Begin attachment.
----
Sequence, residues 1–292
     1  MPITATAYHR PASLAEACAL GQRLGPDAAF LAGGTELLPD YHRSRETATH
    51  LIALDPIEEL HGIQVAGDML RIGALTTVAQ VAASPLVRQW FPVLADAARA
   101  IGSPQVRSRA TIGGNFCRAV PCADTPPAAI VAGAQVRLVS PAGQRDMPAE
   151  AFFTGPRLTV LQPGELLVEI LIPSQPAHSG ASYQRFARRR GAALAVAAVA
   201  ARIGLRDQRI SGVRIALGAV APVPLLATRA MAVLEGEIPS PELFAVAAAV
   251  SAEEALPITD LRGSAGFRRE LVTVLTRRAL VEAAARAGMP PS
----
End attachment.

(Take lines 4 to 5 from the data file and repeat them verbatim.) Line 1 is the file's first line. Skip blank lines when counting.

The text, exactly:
   101  IGSPQVRSRA TIGGNFCRAV PCADTPPAAI VAGAQVRLVS PAGQRDMPAE
   151  AFFTGPRLTV LQPGELLVEI LIPSQPAHSG ASYQRFARRR GAALAVAAVA